Those who try to force a modern-warfare template onto the 1876 Great Sioux War campaign typically claim that Brig. Gen. Alfred H. Terry’s three-column advance (Terry-Custer column moving west from Ft. Lincoln in Bismarck, ND; Colonel John Gibbon’s column moving east from Ft. Ellis, MT; and Brig. Gen. George Crook’s column—the campaign’s strongest force—moving northwest from Ft. Fetterman, WY) through central Montana where the main village of “hostile” Lakota and Cheyenne was presumed to be, was intended to be a tactical attack plan for a coordinated military assault on the Indians by all three forces. Yet it’s clear from Terry’s orders to Custer (see “Terry’s Orders to Custer” sidebar) that they are instructions regarding how to find Indians, not a tactical plan on how to fight them once found. It verifies that Terry’s wide 3-column approach was solely intended as a sweep through the vast area to locate the main body of Lakota and Cheyenne and prevent their escape, not a plan of tactical maneuver for a simultaneous, triple-pronged attack. In fact, Terry hoped there would be no fighting and that the Indians—once found, surrounded and prevented from escape—could be peacefully escorted to Dakota reservations. Terry’s hope that Gibbon’s column would arrive north of the Little Bighorn valley on June 26 as Custer arrived from the southeast that day was meant for Gibbon to be a stand-off “blocking force”—not a tactical participant in a coordinated two-pronged assault with Custer’s regiment to attack and destroy the Indians—hemming in the Indians so they could be corralled and escorted to reservations. In the event, the Gibbon column (by then accompanied by Terry) did not even arrive until June 27, further making the “coordinated attack” claim irrelevant. Also Crook’s third column had already turned back, fought to a standstill in the June 17 Battle of the Rosebud by most of the same Indian warriors who—heavily reinforced by hundreds of new arrivals who’d “jumped” their Dakota reservations—defeated Custer on June 25.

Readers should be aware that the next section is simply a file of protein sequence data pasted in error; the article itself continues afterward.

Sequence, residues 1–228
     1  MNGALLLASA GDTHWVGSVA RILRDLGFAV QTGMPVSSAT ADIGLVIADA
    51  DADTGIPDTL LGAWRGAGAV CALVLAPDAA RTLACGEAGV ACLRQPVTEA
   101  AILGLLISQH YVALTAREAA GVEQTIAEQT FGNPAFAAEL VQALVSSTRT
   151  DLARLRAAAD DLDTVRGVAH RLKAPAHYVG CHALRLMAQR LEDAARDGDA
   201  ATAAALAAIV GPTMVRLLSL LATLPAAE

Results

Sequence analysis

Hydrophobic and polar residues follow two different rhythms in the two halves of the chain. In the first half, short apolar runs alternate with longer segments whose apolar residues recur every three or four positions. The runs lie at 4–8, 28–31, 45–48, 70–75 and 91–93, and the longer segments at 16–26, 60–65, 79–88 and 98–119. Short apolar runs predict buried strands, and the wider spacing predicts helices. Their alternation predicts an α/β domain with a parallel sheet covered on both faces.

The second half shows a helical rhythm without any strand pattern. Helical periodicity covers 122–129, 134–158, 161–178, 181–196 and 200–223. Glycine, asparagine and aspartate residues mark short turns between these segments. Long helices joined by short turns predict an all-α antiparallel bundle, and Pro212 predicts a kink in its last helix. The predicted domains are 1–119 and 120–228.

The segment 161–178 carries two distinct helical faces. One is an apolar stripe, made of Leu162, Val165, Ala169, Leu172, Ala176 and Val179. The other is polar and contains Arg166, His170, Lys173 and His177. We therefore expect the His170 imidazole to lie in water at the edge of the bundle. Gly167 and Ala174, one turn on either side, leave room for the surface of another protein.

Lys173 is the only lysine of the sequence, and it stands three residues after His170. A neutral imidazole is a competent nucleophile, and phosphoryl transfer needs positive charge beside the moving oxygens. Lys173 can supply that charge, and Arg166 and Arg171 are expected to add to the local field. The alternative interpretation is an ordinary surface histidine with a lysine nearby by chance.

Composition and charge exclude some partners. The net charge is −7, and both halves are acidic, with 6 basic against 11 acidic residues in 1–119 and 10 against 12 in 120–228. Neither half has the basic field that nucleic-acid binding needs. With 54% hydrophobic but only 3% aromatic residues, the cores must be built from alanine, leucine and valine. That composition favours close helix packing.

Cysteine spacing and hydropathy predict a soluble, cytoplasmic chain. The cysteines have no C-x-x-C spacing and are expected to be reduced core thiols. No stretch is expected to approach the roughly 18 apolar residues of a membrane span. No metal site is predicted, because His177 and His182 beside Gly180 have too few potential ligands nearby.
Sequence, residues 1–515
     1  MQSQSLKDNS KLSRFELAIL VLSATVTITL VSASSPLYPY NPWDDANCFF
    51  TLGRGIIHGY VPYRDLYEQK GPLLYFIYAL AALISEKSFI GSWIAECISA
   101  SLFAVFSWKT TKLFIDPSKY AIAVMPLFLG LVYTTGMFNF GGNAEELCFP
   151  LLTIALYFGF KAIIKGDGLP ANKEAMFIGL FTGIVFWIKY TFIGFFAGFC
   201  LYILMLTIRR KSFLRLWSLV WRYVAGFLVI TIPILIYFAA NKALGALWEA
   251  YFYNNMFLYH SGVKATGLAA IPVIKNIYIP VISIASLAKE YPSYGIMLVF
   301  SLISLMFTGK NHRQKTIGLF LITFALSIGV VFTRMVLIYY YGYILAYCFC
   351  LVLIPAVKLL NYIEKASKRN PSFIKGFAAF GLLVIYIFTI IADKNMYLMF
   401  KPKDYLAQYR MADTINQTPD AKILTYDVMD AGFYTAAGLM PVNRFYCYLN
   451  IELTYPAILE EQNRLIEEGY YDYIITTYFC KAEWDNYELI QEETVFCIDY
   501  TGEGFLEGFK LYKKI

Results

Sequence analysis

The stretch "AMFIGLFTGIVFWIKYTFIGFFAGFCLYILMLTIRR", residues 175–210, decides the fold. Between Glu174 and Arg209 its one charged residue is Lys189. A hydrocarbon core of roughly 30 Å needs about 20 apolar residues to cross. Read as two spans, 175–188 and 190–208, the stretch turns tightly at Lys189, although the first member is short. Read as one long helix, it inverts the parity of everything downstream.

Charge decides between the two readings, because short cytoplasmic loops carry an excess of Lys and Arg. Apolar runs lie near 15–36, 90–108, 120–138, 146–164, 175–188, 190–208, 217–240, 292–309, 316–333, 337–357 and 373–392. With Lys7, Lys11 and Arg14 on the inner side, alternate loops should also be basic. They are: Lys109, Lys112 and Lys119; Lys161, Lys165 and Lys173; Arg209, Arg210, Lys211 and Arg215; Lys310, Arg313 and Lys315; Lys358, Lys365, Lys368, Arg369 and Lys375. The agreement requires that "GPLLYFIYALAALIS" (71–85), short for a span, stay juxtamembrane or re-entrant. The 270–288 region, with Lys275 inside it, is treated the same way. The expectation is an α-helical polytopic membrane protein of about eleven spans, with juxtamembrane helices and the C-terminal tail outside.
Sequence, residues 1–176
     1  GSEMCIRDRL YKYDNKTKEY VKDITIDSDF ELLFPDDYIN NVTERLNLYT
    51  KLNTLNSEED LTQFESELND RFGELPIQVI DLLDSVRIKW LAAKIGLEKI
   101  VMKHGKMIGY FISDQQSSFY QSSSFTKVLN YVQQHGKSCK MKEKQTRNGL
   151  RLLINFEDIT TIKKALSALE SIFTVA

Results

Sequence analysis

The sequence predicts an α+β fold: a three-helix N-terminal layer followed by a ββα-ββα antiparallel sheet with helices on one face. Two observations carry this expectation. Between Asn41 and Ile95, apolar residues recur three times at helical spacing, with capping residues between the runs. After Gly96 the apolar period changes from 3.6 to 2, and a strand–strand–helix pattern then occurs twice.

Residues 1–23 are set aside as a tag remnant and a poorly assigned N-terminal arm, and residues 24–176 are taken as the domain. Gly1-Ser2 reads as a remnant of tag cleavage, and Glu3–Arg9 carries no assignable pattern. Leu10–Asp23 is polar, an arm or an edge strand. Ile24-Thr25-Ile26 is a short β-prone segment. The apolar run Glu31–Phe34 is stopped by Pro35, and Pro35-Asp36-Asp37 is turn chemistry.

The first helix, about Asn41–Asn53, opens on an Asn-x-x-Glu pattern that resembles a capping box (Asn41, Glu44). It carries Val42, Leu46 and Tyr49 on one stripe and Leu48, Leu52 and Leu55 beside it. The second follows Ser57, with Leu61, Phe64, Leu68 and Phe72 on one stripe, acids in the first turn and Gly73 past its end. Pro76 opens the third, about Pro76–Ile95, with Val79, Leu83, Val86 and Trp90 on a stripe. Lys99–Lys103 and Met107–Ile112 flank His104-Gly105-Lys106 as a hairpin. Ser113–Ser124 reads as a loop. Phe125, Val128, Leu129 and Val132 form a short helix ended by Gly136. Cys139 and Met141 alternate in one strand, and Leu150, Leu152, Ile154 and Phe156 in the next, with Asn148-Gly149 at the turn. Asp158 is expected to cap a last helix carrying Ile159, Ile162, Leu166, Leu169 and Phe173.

7th Cavalry “Wiped Out”